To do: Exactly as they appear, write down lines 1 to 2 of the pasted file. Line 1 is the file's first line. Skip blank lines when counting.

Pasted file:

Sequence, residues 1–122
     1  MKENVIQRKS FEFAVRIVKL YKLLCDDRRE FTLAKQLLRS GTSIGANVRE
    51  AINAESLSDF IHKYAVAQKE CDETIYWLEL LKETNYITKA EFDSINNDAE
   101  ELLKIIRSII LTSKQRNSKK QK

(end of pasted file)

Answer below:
Sequence, residues 1–122
     1  MKENVIQRKS FEFAVRIVKL YKLLCDDRRE FTLAKQLLRS GTSIGANVRE